14. Similarly, I am confused by the posted notion that a disc is not patentable subject matter. Clearly a disc is a manufacture and is likewise one of the things expressly stated as patentable subject matter.

    I know that I and others have been sloppy in discussing this, so I’m not surprised you’re confused. Yes, a general purpose computer and a disc are both patentable subject matter in the first instance. The issue with Beauregard claims is whether the program on the disk provides any patentable distinction over an empty disk, or whether the program should just be treated as printed matter and ignored, since it does not have a function that is related to the disk. The issue with a general purpose computer vs. a programmed, special-purpose, computer is again whether the addition of the program makes the programmed computer patentably distinct (assuming novelty and non-obviousness), i.e., a “new computer.” I think the two cases are quite different, since the programmed computer unquestionably functions differently, so the programming has a functional relationship to the substrate (the machine). The encoded floppy disk, on the other hand, by itself functions just like any other floppy disk.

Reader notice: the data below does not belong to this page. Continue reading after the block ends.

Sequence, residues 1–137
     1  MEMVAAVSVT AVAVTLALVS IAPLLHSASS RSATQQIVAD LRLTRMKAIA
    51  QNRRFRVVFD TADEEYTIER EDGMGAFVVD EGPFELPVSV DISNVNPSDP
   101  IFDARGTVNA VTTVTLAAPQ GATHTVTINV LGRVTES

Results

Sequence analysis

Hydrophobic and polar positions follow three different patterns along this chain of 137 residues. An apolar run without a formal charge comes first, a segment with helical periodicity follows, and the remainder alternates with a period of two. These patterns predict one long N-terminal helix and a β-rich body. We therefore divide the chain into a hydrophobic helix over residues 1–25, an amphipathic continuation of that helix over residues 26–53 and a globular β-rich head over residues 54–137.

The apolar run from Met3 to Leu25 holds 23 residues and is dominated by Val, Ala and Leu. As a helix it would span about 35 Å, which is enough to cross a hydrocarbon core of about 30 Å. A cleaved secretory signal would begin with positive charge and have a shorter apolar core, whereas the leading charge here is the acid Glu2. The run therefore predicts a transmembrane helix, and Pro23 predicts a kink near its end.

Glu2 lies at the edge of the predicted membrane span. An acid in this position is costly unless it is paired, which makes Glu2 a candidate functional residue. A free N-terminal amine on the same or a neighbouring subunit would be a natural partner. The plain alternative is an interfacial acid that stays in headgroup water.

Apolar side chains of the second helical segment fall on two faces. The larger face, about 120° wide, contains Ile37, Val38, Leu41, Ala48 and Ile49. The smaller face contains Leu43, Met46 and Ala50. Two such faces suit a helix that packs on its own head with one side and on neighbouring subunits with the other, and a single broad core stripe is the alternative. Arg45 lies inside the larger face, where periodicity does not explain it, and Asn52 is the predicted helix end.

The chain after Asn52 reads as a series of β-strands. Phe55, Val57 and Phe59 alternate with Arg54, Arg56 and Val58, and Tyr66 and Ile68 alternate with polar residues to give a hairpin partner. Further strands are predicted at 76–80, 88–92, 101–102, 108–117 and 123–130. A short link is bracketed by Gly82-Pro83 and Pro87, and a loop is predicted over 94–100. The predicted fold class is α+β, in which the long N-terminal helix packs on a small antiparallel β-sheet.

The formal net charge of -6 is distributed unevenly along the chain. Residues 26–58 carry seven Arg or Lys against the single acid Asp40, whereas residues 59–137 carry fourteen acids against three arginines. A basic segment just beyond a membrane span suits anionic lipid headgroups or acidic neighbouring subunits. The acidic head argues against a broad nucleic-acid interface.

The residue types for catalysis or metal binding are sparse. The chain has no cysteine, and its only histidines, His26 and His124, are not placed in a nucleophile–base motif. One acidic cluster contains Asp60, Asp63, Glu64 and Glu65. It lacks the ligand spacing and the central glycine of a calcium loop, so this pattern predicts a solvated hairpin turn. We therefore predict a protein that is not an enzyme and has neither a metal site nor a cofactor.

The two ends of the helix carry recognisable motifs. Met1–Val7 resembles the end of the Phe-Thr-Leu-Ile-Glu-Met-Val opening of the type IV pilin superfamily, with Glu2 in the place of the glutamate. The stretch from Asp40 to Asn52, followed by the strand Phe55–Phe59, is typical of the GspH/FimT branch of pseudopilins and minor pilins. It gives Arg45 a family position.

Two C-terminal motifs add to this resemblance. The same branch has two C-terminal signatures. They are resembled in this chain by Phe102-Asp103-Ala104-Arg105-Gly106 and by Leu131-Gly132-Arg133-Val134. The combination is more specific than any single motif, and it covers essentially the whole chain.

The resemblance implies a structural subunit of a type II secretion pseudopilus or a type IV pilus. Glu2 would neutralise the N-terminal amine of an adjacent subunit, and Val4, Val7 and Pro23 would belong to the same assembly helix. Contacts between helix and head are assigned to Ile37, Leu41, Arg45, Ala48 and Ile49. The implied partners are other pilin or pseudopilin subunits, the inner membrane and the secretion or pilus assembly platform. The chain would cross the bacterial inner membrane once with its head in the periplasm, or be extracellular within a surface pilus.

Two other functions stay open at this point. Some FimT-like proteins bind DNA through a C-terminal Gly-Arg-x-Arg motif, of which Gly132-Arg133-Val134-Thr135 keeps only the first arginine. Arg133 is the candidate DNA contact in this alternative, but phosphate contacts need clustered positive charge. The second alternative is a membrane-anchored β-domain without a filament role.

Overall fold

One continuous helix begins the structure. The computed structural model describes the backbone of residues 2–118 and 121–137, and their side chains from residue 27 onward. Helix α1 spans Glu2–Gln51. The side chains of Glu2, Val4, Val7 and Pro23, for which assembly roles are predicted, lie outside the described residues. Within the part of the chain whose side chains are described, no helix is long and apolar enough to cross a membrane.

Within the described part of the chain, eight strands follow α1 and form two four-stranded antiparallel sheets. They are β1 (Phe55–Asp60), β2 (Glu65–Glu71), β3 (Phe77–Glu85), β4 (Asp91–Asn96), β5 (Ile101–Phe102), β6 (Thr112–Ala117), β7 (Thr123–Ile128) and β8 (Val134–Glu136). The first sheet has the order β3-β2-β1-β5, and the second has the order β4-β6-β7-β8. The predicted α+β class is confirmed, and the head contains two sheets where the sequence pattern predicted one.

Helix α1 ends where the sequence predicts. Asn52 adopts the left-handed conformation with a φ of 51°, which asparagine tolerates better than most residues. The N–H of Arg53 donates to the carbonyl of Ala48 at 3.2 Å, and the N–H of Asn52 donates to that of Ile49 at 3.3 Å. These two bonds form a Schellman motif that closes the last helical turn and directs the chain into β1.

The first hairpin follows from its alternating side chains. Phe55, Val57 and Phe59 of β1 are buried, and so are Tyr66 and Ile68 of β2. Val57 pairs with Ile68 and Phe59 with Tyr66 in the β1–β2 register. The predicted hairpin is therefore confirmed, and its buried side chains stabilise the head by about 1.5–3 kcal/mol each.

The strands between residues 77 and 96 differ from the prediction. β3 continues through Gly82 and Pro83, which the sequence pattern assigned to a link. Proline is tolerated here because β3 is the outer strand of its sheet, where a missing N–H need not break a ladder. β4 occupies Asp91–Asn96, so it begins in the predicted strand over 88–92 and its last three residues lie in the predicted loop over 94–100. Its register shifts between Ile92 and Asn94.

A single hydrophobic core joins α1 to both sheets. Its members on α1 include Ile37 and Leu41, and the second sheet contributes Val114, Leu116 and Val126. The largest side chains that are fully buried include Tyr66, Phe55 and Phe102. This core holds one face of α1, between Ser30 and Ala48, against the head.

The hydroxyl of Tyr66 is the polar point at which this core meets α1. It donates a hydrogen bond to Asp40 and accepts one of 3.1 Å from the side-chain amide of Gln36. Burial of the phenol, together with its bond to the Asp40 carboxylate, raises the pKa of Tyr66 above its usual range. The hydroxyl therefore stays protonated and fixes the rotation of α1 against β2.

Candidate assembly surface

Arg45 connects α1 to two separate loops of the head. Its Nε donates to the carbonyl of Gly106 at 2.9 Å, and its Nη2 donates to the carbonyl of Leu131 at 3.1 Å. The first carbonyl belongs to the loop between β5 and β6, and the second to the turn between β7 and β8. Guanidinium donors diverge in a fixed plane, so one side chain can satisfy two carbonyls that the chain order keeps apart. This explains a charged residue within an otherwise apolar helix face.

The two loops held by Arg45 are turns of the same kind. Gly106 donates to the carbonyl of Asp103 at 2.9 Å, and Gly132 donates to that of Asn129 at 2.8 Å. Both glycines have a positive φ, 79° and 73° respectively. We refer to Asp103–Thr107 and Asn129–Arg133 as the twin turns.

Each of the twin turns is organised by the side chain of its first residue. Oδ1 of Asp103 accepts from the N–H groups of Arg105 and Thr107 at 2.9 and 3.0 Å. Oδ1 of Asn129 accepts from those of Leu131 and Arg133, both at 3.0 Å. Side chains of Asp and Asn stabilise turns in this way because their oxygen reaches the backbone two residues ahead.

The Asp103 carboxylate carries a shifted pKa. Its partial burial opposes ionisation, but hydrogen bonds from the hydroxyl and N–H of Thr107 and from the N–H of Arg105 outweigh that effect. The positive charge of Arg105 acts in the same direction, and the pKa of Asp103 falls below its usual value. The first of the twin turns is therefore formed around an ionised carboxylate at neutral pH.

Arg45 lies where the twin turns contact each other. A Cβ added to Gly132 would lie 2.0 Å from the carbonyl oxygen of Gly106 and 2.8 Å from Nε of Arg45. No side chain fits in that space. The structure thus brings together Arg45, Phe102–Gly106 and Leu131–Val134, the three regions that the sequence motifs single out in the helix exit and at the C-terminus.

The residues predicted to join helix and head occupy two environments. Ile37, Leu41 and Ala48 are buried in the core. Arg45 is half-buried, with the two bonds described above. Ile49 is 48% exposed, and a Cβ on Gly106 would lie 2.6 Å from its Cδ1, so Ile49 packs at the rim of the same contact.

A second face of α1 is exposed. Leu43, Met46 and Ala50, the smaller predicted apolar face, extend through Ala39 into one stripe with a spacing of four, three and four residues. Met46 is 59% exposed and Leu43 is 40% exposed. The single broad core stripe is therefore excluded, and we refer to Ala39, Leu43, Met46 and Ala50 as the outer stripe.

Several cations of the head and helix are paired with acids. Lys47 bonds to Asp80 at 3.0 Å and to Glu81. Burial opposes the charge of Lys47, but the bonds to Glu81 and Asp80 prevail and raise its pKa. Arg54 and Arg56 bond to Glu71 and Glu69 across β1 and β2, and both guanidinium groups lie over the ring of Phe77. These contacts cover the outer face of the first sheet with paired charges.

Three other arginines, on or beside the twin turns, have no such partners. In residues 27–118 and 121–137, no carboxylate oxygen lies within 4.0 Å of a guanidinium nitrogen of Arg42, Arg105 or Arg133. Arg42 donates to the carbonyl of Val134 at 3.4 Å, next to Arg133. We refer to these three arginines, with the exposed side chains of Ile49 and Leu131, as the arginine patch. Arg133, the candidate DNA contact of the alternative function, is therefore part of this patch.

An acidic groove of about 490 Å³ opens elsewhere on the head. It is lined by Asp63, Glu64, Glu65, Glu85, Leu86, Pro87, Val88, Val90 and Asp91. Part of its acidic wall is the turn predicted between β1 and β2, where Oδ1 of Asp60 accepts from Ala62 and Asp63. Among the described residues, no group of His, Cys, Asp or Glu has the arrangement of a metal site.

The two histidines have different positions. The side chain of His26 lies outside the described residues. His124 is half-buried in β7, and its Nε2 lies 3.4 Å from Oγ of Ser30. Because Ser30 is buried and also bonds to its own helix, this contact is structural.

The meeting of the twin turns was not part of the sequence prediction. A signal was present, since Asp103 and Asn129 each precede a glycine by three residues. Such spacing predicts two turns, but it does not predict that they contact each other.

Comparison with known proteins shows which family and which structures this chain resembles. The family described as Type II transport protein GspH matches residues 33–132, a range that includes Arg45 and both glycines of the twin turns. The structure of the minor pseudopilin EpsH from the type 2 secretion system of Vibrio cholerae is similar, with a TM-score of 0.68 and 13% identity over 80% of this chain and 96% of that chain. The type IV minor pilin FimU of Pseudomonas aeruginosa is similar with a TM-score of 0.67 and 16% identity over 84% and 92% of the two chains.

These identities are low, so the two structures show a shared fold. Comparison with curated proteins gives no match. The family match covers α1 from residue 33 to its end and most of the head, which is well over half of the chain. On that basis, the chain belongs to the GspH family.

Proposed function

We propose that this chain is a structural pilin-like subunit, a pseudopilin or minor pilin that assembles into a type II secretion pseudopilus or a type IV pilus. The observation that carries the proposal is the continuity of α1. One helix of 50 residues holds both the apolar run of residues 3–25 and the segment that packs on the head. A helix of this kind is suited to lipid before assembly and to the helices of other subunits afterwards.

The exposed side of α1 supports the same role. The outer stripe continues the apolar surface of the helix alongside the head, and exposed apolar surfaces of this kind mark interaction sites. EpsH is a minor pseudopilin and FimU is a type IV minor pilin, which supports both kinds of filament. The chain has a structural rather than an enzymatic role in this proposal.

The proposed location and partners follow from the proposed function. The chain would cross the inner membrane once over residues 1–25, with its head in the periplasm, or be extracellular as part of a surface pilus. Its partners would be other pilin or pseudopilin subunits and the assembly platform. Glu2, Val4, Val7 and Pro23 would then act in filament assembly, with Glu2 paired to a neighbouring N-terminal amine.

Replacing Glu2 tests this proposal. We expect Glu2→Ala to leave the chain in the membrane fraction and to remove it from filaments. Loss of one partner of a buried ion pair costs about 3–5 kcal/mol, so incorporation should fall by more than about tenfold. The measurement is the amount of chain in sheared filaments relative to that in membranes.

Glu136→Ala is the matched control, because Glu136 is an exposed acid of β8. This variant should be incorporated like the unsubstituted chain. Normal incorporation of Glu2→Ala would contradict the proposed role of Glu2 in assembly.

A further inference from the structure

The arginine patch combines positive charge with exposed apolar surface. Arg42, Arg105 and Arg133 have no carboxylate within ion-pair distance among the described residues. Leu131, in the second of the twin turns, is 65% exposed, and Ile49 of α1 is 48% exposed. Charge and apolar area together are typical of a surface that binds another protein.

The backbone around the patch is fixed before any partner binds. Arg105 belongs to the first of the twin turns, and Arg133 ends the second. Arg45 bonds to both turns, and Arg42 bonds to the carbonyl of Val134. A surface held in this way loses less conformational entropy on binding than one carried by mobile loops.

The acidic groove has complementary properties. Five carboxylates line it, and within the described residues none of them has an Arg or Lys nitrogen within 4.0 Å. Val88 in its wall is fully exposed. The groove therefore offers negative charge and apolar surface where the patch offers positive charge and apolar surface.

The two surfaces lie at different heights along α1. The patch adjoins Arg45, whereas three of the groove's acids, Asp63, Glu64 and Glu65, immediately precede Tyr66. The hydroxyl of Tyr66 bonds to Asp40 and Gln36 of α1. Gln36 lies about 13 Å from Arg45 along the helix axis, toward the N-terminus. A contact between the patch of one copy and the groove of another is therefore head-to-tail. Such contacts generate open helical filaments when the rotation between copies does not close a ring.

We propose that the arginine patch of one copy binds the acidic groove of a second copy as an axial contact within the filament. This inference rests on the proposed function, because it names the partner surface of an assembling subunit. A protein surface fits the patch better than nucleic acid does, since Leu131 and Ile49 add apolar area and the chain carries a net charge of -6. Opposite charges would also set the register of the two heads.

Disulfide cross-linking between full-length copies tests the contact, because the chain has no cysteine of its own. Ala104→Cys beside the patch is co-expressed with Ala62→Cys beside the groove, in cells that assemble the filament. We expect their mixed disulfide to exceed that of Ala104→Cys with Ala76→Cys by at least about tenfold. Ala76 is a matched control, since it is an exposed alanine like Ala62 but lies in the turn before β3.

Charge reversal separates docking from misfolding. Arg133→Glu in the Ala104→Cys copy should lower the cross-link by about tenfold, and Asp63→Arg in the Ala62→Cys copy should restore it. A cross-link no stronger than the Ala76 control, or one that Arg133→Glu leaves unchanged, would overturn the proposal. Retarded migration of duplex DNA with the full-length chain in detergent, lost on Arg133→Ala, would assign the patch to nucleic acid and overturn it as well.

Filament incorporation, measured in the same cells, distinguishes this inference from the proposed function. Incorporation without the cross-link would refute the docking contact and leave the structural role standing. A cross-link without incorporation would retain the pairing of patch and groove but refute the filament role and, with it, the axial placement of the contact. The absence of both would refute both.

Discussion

A completely SEPARATE issue is whether putting a non-patentable method, like a pure, unapplied, mathematical algorithm, on a computer will give you a statutory machine. Bilski says no, or at least suggests it. But this is a special case – unpatentable methods on otherwise patentable machines. Much of the sturm and drang on this website is focused on a largely pointless argument about whether computers programmed to perform patentable processes are properly the subject of patent. It’s pointless, in my view, because the courts pretty clearly say they are, and I’m not aware of any real threat to this position.

  15. new anon, the attitude you express is somewhat of the same as the attitude expressed by dissent in Diamond v. Diehr. I suggest you read that opinion first, then read the majority opinion in that case.

  16. Maybe it is a nomenclature or term of art thing, but I am having trouble understanding how a general purpose computer is not considered to be a patentable subject matter in the first instance.

    Is this like a phone is not considered to be patentable subject matter?

    Is this because “general purpose computer” is like “a person having ordinary skill in the art”, a legal abstraction?

    Am I conflating “patentable subject matter” with “patentable”?